With 98 percent of the votes counted, it looks like Maryland Rep. Wayne Gilchrest, one of a small handful of antiwar Republicans in Congress, has been defeated by the Cockeysville conservative Andy Harris. (Gilchrest's other major challenger, E.J. "Rupert" Pipkin, finished third.) Harris had been endorsed by the anti-tax, anti-spending Club for Growth because of his "consistent track record of fighting for limited government and pro-growth policies." Unfortunately, Harris' "consistent track record" includes his support for an unnecessary war that has already cost over $1 trillion. I have plenty of problems with the incumbent's economic record, but on the most important issue related to fiscal conservatism in the last 10 years, Gilchrest has been right and Harris has been wrong.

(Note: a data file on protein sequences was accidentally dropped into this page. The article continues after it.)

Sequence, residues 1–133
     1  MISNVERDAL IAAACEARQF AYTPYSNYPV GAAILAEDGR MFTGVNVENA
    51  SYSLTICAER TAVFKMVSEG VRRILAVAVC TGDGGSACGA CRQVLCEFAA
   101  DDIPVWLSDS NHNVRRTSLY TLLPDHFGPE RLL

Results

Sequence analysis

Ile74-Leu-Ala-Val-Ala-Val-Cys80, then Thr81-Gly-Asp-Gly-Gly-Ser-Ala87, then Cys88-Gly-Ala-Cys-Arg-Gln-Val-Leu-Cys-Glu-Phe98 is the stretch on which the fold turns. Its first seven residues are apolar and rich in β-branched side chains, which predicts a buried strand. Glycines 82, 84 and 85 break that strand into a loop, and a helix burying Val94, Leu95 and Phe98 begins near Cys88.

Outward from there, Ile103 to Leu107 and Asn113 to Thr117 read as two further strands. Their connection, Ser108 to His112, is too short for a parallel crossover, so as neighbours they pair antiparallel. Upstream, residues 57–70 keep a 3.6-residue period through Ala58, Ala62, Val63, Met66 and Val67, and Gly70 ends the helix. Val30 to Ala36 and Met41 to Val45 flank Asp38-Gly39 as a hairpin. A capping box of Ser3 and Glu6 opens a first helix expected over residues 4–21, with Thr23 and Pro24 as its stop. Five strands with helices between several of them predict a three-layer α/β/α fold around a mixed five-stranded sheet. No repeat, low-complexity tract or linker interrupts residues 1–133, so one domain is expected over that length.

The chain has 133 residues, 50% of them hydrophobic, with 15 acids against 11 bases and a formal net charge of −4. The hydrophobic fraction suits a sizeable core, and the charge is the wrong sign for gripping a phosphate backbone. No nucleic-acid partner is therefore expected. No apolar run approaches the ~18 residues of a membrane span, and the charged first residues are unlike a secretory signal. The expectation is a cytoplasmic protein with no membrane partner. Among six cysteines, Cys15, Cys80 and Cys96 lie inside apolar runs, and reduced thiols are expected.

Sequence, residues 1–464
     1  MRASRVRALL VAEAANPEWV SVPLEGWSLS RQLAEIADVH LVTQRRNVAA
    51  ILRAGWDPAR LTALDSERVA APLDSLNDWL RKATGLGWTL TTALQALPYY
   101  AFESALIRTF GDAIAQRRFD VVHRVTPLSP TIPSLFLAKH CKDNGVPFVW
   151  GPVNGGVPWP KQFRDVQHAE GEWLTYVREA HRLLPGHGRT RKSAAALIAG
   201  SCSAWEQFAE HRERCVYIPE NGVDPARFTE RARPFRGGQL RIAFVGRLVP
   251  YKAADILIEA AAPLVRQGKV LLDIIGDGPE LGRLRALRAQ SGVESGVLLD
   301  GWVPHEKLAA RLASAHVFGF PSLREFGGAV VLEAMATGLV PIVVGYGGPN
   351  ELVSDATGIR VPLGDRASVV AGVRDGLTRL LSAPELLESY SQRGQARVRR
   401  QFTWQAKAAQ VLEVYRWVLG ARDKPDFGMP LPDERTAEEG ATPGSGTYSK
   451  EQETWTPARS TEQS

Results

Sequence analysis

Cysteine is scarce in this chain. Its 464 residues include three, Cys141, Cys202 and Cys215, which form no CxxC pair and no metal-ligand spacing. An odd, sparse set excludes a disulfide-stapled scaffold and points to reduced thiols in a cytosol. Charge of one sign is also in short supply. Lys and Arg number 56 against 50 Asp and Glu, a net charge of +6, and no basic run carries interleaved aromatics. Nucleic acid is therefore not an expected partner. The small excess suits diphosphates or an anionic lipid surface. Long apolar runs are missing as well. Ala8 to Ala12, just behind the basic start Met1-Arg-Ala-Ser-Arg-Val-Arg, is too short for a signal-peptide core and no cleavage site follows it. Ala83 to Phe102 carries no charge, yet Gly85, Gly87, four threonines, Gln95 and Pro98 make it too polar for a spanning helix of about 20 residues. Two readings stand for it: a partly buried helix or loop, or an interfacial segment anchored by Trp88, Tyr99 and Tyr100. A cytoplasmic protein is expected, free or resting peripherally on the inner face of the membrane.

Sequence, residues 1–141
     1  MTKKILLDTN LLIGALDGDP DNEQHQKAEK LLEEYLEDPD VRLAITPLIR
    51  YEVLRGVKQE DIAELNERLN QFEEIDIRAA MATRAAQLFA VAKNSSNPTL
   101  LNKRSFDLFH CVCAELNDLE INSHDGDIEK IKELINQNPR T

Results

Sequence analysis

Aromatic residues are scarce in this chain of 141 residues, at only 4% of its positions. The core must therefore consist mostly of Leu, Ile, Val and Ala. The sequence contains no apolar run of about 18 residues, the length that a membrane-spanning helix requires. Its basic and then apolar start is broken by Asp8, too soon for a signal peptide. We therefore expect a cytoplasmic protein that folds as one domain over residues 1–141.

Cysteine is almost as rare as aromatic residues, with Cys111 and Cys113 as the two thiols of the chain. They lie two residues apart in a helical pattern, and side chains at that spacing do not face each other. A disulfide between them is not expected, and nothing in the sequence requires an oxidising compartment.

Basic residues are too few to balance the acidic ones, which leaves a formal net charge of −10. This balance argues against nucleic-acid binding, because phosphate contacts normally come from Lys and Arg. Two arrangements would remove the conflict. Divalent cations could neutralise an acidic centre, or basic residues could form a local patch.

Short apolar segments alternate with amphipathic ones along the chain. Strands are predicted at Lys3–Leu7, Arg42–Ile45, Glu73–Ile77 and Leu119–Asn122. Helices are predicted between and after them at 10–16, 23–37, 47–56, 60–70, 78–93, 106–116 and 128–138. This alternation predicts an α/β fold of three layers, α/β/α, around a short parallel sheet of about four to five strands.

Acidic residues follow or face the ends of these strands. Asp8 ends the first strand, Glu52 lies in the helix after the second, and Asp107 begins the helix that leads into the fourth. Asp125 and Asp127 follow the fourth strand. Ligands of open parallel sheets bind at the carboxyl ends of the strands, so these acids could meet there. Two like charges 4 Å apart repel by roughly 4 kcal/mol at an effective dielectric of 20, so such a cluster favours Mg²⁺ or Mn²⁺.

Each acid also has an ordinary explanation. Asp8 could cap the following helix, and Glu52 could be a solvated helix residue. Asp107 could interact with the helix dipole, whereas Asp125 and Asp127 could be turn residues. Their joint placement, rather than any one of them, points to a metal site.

It's far from certain that Harris will be able to defeat Democrat Frank Kratovil. The Dems will pour money into taking the district now that their sometime-ally Gilchrest is out of the picture; and Harris, who lives on the western side of the Chesapeake, will have a hard time attracting votes from the Eastern Shore.
The country faces an ugly choice this November: Either elect a Republican president and reaffirm the Bush foreign policy, or elect a Democrat and put both the White House and Congress in the hands of the same party. If the First District of Maryland turns against one of Washington's few antiwar Republicans and then hands his seat to a Democrat, it will have somehow managed to embrace the worst of both worlds.